The seminar was held in two stages, seven weeks apart. The chosen approach was Training of trainers, in order to train them as well to later train their fellow peers in digital security, hence improving the impact of this training. 

The first stage, that lasted 3 days and was organised in March, had two components: awareness raising and then a technical introduction to various digital security tools and strategies. In the second stage, a 4 day session hold in May, the participants were trained in the various techniques for training others in digital security, so that they would be able to use appropriate methods to pass on their technical knowledge.

As well as showing the participants how to hold their own digital security seminars, the second stage also developed and consolidated the links between the different modules and showed them how to develop complete digital security strategies.

The participants formed a very good group according to the trainer, one that should be encouraged to dedicate more time and effort to the field of digital security. Some of the candidates expressed a desire and determination to organize digital security training in their work or civil society environment. The trainer will follow-up on these future trainers by providing them with the necessary teaching tools, aids, technical assistance with improving when necessary and/or coordinate with the best students to invite them to participate as assistant trainers in the next digital security seminars.

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Doaa Mostafa Ahmed Hassan: 'NGO and defenders in Egypt are under severe threat'

Doaa Mostafa Ahmed Hassan is a lawyer and the director of the criminal justice programme in the Egyptian Commission for Rights and Freedoms. Due to the situation in the country and the threats and criminalisation she faced because of her work, Doaa left Egypt with the support of, and is currently participating in a fellowship programme with the accompaniment and collaboration of York University.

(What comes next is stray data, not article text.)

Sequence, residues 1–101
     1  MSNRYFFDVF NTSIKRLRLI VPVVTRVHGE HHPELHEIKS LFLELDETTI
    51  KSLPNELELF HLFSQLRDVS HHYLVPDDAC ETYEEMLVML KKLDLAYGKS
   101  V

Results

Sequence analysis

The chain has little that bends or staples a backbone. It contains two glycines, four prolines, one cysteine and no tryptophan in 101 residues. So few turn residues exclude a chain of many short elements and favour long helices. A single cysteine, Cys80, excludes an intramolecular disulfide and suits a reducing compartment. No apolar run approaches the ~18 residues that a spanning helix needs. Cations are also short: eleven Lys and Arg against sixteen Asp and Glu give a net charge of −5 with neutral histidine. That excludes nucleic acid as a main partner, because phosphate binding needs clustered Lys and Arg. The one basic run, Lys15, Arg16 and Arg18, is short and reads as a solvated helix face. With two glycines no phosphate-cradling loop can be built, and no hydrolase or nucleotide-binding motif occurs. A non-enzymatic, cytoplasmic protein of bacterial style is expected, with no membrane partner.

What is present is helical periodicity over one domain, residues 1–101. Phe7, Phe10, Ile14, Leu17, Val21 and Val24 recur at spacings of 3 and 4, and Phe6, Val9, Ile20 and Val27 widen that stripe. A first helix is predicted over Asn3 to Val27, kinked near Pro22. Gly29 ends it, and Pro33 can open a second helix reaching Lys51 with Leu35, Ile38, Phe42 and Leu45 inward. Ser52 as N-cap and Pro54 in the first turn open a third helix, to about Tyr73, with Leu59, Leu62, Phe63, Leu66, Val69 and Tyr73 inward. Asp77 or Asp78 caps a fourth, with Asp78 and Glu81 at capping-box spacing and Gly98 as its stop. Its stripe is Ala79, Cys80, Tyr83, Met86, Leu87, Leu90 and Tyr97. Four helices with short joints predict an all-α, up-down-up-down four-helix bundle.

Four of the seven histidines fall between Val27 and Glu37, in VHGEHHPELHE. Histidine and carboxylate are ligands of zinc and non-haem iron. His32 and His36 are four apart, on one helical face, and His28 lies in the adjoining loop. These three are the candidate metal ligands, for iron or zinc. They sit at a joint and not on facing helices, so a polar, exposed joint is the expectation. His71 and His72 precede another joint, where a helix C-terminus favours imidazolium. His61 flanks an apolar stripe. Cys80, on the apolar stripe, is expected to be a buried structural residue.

"I am working in an increasingly restricted space: NGOs and human rights defenders in Egypt are generally coming under severe threat due to an investigation into their funding sources. A number of key human rights defenders and organisations are under threat of closure, and subject to travels bans, asset freezes and heavy prison sentences. My work as a human rights lawyer researching, documenting and defending those whose rights has been disrupted since the moment of my arrest, and I am regarded as a thorn in the side of the regime. 

There have been attempts to silence me on more than one occasion. I have even been detained in the Supreme State Security Prosecution Headquarters, one of the top investigating bodies in the country, where officers took me into a  room to pressure me to cease my work and intimidated me to drop the work I am doing in the defence of human rights..."

"I work for an organisation whose directors are targets of the regime. Our director and co-founder, Mohamed Lotfy, was subjected in 2015 to a travel ban due to his human rights activities. He was informed of the ban after trying to fly to Germany, where he was invited to give a speech to parliament about the human rights situation in the country, at the same time that the Egyptian President was meeting with Chancellor Angela Merkel. Our other co-founder, Ahmed Abdallah, was arrested from his home on 25 April 2016 and is facing charges under the counter-terrorism law for his human rights activities..."

As a female lawyer, who comes into contact regularly with security officers, I am regularly sexually harassed by them through verbal insults. But this has not deterred me in my job, and going on a weekly and sometimes daily basis to police stations and prosecution offices to defend my clients. Also my 9-year marriage has recently ended because of the constant fear we live in. My husband could no longer take the fact that our home could be stormed by police at any point to arrest me, or anyone of my family as a means of pressuring me to stop the work I am doing. My husband asked me to switch careers even, and I found myself torn between my heart which loves this man, and my heart and mind that loves the work I do. I experienced the heartbreak of my two children, who I adore, moving in to live with their father for their own safety. But I truly believe that as long as a heavy price has been paid, there will be compensation."